What Is Dance Company Up To This Year?


Adriana Durant

A look inside one of Dance Company’s energetic rehearsals.

Just like that, Dance Company is fully back in-person, and they haven’t missed a beat. The creative, student-centered course—which meets biweekly for two hours after school—has started choreographing pieces for their fast-approaching show this December, and the excitement is real.

“We’ve been working very, very hard,” sophomore Nadia Rivera said. “We have some really good dances and really good music, though the choreography isn’t any walk in the park.”

Junior Eve Drumm, another dancer this year, added that “​​Dance Company is split up into different ‘sessions’ in order to choreograph as many dances as possible,” and that “most sessions have two pieces, but if the choreographer wants a full group dance, then there’s only one.”

Having completed several pieces already, the group relished in a shared excitement after seeing the show finally begin to come together. “Especially post-pandemic, it’s been really fun to be back in a room with other people, because we all feed off each other’s energy,” Eve said.

Nadia agreed that the vibrant energy of Dance Company is contagious. She said, “My peers are my favorite part as well, because it’s fun to dance with them and connect.”

Sophomore Maricruz Figueroa emphasized the importance of collaboration in Dance Company. Considering the tremendous work that has already been put in, she said, “It’s really satisfying to see how all the pieces come together.”

While the group has undoubtedly reaped the benefits of being back in-person, this year’s significant drop in sign-ups has been discouraging. “My freshman year, we had somewhere around 25 people and now we’re down to eight,” Eve said.

As of earlier this year, the Arts & Cultural Sector of the United States reported a nearly $16 billion financial loss just for the arts alone. Of the survey takers, 11% are unconfident the arts will survive, and 66% “expect severe financial impact.”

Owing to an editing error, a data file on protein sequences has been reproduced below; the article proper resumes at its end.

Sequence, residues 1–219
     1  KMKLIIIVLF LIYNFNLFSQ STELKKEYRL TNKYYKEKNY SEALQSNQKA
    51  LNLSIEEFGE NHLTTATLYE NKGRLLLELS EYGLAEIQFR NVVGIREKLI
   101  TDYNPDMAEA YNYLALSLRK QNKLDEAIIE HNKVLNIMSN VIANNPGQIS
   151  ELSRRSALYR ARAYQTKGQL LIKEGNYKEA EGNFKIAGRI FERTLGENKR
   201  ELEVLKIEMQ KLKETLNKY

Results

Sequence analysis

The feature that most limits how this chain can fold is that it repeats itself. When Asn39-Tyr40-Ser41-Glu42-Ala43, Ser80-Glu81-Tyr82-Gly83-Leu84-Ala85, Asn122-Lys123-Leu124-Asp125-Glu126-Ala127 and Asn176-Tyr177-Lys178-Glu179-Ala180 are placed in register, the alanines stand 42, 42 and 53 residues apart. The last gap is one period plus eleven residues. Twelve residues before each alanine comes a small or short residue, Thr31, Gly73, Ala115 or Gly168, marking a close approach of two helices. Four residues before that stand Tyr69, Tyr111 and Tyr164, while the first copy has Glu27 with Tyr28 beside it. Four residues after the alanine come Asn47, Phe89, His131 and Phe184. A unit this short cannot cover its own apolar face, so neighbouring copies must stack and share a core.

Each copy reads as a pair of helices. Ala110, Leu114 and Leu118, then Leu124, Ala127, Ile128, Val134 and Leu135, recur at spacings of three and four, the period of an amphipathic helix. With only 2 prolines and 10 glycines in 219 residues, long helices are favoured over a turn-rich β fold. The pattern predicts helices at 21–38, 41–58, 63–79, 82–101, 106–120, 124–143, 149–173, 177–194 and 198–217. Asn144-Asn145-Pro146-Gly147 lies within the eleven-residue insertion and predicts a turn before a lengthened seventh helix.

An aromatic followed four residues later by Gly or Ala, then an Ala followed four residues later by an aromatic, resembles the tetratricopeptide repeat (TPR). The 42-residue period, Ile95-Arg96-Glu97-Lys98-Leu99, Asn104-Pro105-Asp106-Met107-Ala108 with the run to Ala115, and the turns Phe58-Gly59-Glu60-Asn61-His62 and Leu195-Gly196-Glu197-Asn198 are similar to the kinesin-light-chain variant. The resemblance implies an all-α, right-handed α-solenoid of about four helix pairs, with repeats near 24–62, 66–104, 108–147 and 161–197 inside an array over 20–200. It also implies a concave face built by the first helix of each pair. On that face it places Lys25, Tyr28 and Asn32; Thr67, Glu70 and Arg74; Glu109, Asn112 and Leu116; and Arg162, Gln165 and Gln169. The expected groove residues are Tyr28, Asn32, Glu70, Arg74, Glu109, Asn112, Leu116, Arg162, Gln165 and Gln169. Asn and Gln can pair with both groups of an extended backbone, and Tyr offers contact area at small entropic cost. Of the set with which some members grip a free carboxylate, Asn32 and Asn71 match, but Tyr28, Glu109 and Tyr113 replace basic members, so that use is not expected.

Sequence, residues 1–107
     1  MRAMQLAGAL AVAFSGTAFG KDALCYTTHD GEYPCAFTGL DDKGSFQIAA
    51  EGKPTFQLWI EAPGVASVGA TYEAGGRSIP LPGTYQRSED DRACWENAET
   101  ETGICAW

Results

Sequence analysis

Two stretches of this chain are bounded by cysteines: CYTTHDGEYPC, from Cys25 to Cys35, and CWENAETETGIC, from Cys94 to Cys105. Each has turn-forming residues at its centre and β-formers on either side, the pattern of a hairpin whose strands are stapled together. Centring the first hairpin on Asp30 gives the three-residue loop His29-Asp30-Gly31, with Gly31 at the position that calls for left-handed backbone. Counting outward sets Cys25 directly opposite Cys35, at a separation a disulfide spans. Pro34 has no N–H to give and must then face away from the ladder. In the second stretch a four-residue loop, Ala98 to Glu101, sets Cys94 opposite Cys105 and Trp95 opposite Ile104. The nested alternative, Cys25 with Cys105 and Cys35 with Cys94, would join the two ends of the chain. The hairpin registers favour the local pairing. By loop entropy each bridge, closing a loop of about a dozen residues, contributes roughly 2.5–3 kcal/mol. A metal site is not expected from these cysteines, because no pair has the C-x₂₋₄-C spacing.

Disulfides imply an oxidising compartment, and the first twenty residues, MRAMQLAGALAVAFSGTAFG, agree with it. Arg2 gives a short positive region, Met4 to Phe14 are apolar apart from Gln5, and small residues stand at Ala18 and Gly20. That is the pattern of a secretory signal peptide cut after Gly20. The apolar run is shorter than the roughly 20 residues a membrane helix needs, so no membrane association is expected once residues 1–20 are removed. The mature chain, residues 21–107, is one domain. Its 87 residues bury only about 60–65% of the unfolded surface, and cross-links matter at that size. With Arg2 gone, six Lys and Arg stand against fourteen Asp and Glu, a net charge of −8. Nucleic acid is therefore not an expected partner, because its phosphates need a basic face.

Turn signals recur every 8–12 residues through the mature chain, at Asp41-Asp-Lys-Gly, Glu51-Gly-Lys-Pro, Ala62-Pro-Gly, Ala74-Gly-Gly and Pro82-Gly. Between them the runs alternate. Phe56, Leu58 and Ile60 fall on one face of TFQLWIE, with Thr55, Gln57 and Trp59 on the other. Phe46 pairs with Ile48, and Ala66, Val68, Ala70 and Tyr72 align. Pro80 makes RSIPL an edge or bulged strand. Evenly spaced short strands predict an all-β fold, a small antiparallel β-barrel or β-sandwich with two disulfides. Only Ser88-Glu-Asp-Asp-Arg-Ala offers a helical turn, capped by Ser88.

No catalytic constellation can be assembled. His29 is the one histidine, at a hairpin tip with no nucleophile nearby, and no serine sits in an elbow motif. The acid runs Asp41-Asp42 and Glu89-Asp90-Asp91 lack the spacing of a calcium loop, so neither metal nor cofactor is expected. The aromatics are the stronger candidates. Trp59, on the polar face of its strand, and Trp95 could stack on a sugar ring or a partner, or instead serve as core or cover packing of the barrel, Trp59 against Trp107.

While show business is gradually starting to return to normal, it seems the pandemic will certainly affect performing arts for years to come. A plausible loss of interest from students at numerous schools nationwide is only one sign of this damage.

Eve agreed she’s noticed people becoming more distant from the arts, saying, “It’s definitely been a challenge that we’ve had to navigate, but I don’t think it shows in the final products we have so far.”

In spite of the pandemic still looming, Dance Company has much to look forward to as the semester’s end draws closer. As for the final show, students can expect an assortment of varying performances. “We have some exciting performances, but also some more emotional ones,” Nadia said. “So, I would just say, expect variety and many fun dances.” Of this mélange, the group is preparing a piece with a Celine Dion soundtrack, another accompanied by an electric K-Pop background, and a collective modern piece, just to name a few.

For students interested in becoming a part of Dance Company, there is plenty of time to consider joining next semester. “Dancing in a team gives a way for people to bond over something that isn’t necessarily verbal,” Nadia said. “Not only that, but it helps build trust between dancers, and once we have complete and full trust, our dancing becomes that much better.”

Eve echoed Nadia, saying, “You don’t need to be the best dancer in the world to join. Ms. Durant will make you look good [no matter what]. Even if you don’t want to join, come to the show on December 9!”